Bramble-ghetti and twig-balls for dinner 🥘
3 GoodGymers made their way 5.0km to help the Kingston University Biodiversity Action Group in Kingston upon Thames.
- Saturday, 17th of November 2018
- Led by Kingston upon Thames runner
The clue was in the name: Kingston HILL campus. My word, what a hill - and with some bonus hills thrown in for good measure whilst finding the task, we were well and truly cream-crackered by the time we arrived. Luckily, the KUBAG (Kingston University Biodiversity Action Group) had laid out a plethora of goodies for us to refuel on, including some Ritz’s to un-cream-cracker us and mince pies to add a touch of festive spirit.
Sivi from KUBAG gave us a health and safety briefing, which happened to include a lesson on “correct digging with a fork” technique, made all the more relevant to us by linking it to possible running injuries. For once, we were a captive audience in a health and safety briefing! We were happy to see our Berrylands Nature Reserve friends and the geocaching team that had also been lending a hand, and were keen to hear all about the new Berrylands orchard project - I feel a new community mission may be getting lined up 😉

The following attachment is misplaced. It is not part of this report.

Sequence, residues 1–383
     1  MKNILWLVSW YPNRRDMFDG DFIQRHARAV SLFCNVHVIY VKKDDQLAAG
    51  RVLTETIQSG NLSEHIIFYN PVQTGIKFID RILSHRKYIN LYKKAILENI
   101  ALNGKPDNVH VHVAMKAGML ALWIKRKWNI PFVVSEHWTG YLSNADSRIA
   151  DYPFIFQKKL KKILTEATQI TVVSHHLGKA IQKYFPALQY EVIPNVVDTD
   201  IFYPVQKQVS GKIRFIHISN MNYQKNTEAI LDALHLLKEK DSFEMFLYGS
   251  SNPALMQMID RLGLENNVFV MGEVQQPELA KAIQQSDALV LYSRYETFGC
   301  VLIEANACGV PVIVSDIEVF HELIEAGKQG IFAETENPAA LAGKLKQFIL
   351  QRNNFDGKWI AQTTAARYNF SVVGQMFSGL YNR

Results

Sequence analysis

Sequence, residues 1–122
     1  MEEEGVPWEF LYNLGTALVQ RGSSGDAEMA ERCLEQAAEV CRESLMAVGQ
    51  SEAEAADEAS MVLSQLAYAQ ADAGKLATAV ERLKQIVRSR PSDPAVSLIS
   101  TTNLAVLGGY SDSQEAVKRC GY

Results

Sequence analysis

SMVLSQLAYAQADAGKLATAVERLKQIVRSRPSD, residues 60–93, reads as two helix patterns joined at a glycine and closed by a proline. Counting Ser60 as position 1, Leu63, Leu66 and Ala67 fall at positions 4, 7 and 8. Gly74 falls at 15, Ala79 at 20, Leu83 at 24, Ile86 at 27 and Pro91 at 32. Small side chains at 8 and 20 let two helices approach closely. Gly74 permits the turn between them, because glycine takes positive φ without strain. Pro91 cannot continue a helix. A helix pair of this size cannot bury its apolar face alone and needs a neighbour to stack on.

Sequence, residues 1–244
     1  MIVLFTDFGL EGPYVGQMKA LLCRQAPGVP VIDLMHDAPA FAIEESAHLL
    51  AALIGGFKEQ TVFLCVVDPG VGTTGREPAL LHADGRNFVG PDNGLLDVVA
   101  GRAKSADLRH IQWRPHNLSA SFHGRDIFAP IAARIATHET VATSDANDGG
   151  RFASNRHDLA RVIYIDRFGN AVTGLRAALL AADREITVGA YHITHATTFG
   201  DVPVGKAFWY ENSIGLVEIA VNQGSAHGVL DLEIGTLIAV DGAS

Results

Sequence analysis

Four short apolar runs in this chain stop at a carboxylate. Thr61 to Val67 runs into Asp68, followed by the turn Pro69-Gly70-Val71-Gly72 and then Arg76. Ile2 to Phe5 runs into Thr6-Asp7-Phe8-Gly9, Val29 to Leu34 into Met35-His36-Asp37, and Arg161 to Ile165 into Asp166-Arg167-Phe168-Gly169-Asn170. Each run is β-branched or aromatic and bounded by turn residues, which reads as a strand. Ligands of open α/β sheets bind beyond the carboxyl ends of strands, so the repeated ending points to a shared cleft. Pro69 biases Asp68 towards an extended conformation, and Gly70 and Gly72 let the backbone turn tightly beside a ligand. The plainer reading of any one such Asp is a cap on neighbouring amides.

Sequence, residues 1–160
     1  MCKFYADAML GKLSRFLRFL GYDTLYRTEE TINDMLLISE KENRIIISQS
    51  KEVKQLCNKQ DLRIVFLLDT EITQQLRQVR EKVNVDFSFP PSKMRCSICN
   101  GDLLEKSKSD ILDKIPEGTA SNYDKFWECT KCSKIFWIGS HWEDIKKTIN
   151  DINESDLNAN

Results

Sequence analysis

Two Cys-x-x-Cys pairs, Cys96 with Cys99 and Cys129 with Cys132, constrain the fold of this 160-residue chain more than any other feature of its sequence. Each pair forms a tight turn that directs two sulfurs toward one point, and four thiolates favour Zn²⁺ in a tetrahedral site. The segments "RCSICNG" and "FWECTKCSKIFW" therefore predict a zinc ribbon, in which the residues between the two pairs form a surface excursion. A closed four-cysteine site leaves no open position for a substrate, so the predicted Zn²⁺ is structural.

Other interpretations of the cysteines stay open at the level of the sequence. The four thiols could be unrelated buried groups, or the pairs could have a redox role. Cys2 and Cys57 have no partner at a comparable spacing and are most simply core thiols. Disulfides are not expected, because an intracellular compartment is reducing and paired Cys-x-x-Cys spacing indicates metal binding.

And so to the task: we were using the correct fork technique to dig up the roots of brambles and then yank them out of the ground. The aim is to then make way for new saplings to be planted on KUBAG’s next volunteering day on the 1st December, when they will be planting...drum roll please... 260 saplings!!! Each with their own tree guard!
The soil was the good soil that lets you dig easily, but the brambles had other ideas. We’d think we’d set one free for yanking out but would be led on a trail to find the end of it. We ended up tying ourselves in knots of brambles, being attached to brambles (thanks Kate for setting me free!), and going on never ending root-yanking walks in circles. You may be noticing a certain theme of food featuring in our community missions, and this was no exception: we found the technique of serving up giant forkfuls of bramble-ghetti, followed by making its accompaniment of twig-and-bramble-balls.
We toiled into the sunset, with Sivi making sure that she snapped us in front of the moon to prove this. After we’d carried the giant bags of brambles to the compost heap and tidied away tools, we relished some mince pies and gratefully took away some offerings of fruit and biscuits - thanks Sivi!
Then there was only one thing left to do: back to THAT hill (although much less traumatic as only a little bit uphill and mostly all downhill on the return leg - weeeeeeeeeeeeeeeeeee!)
Report written by Kingston upon Thames runner
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